Handbook for Mortals by Lani Sarem is a YA novel about Las Vegas and the supernatural that was recently poised to debut at #1 on The New York Times bestseller list. But Twitter quickly caught onto the fact that this monumental debut wasn’t all it seemed–and the YA book community has exploded.
Let’s talk about what all has been learned and what we might think about this.
(Just a quick note: if I state a fact without an accompanying link, it’s because it’s in one of the links I’ve already given. There’s a lot to unpack in this story!)
The first outlet to break the news was Pajiba, reporting on the Twitter detectivism of Jeremy West and Phil Stamper. Publishers receive the NYT list ten days before it’s published in the paper, so publishers were surprised to see a new book knock the smash hit The Hate U Give by Angie Thomas off the bestseller list. Surprise turned into suspicion when the YA community realized that it was a book no one had heard of. In traditional publishing, the buzz for high-profile books is extensive, and there’s a huge network of YA authors, YA book blogs, and YA YouTube channels who will happily promote promising new YA books. With teens as well as savvy adults making perfectly posed Instagram photos of their newest faves, the YA community promotes books with style and social media know-how, and so the community manages to be both large and well-connected. As a library employee serving teens, I often know which new books are going to be big hits with my readers before they even come out, because they’ve already had months of positive press, so the chance that a good book could pass by their notice is almost 0%.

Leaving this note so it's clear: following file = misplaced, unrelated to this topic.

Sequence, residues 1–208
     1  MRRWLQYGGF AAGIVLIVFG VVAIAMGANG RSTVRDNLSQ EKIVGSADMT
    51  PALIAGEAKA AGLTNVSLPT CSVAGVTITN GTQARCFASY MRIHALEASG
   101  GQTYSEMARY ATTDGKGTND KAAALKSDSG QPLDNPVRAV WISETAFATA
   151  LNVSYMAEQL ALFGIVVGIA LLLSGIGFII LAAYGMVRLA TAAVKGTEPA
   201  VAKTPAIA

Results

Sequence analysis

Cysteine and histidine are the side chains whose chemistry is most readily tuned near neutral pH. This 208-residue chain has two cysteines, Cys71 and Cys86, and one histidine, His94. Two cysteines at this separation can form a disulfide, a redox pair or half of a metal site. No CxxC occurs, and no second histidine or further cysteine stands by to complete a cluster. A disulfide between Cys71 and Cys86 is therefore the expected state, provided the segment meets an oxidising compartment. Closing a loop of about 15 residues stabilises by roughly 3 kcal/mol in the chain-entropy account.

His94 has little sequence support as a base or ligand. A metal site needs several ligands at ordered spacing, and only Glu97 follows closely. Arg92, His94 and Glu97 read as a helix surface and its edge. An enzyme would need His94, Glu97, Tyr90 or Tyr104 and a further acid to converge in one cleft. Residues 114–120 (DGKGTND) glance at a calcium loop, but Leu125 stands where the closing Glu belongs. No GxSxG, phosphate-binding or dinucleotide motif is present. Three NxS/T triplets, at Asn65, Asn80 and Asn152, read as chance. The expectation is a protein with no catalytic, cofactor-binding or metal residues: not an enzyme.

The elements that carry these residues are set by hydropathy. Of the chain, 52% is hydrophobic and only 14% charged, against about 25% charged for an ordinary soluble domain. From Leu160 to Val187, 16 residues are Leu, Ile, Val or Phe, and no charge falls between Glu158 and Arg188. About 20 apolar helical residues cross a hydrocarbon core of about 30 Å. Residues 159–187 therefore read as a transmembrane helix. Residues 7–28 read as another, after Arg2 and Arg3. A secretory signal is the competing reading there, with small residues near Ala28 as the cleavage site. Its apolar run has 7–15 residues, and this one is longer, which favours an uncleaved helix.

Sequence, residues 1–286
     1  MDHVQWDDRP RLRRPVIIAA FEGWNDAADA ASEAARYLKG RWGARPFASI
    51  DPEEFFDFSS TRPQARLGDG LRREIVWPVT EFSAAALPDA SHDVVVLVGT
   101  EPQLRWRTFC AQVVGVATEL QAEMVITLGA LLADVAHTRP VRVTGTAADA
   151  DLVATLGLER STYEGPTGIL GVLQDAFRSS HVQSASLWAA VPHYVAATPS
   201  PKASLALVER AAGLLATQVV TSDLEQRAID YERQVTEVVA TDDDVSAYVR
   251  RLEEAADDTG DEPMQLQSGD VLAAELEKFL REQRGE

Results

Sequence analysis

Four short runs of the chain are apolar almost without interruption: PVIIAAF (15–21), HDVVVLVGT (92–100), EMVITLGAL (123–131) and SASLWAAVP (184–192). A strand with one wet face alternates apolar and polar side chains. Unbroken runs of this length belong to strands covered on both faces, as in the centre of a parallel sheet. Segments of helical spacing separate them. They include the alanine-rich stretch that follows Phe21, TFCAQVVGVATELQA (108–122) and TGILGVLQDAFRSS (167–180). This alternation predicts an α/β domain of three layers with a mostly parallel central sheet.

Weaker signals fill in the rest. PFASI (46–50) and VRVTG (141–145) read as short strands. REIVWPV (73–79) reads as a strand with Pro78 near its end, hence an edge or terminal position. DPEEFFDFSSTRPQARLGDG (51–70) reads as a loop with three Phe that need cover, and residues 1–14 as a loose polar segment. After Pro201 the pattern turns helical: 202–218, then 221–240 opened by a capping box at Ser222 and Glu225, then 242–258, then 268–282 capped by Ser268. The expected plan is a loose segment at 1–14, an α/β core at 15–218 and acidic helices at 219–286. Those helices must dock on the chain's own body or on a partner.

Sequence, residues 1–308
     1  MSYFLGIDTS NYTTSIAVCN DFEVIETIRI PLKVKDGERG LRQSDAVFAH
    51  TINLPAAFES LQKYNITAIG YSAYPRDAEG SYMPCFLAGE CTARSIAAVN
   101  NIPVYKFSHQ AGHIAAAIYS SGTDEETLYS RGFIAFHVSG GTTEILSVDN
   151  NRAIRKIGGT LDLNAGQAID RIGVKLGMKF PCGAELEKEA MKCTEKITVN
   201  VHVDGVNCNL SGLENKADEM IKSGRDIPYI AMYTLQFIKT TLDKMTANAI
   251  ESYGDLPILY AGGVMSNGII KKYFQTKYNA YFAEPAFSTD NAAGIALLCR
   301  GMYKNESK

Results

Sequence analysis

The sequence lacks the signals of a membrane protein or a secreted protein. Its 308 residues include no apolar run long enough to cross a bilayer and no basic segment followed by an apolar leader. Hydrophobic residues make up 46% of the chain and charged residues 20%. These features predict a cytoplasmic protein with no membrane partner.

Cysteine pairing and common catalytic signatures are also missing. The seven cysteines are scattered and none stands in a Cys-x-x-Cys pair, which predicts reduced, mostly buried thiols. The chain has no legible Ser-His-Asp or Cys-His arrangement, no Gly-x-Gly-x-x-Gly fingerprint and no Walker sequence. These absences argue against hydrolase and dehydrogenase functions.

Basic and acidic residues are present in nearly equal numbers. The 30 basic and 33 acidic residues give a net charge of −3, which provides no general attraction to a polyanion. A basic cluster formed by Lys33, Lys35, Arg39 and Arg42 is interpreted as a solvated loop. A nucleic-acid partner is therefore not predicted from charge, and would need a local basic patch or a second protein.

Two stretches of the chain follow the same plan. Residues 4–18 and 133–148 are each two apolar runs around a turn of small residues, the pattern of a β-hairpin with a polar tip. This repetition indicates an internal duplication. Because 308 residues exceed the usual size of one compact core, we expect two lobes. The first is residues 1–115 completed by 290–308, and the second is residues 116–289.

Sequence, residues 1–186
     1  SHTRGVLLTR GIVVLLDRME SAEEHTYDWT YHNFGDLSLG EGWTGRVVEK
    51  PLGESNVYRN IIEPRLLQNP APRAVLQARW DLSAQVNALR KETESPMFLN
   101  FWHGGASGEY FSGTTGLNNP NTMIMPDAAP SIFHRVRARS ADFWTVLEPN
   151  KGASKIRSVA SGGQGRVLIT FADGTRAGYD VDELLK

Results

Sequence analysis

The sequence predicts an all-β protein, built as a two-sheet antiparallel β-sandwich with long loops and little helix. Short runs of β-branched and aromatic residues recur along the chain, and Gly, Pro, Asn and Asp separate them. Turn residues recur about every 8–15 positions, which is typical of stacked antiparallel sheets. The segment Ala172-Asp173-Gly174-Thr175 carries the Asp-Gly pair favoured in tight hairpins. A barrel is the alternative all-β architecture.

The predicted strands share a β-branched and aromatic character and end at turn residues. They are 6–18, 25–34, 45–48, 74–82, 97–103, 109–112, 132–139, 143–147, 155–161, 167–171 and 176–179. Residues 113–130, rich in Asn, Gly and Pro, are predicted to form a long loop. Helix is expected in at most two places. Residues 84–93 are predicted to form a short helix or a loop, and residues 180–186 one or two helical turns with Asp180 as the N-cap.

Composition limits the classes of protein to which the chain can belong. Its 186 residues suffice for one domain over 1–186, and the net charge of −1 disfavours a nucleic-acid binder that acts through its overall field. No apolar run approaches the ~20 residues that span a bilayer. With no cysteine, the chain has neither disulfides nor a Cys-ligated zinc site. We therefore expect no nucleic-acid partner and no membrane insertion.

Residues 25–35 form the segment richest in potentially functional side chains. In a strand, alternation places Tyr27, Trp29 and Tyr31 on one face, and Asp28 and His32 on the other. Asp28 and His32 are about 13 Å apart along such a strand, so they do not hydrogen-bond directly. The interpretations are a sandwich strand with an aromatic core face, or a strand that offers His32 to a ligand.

But Handbook for Mortals hadn’t gone through any of the traditional press routes; Lani Sarem and an actor, Thomas Ian Nicholas, have been promoting it at conventions and on radio shows. Sarem and Nicholas are both open about the fact that Nicholas is set to become the star in a possible film adaptation of the book; Sarem is listed as his co-star on the film’s IMDB page. The book was also published by the new publishing arm of the site GeekNation, which is a weird kind of pop culture news site, with erratically published news, and a number of affiliated and mostly extinct podcasts.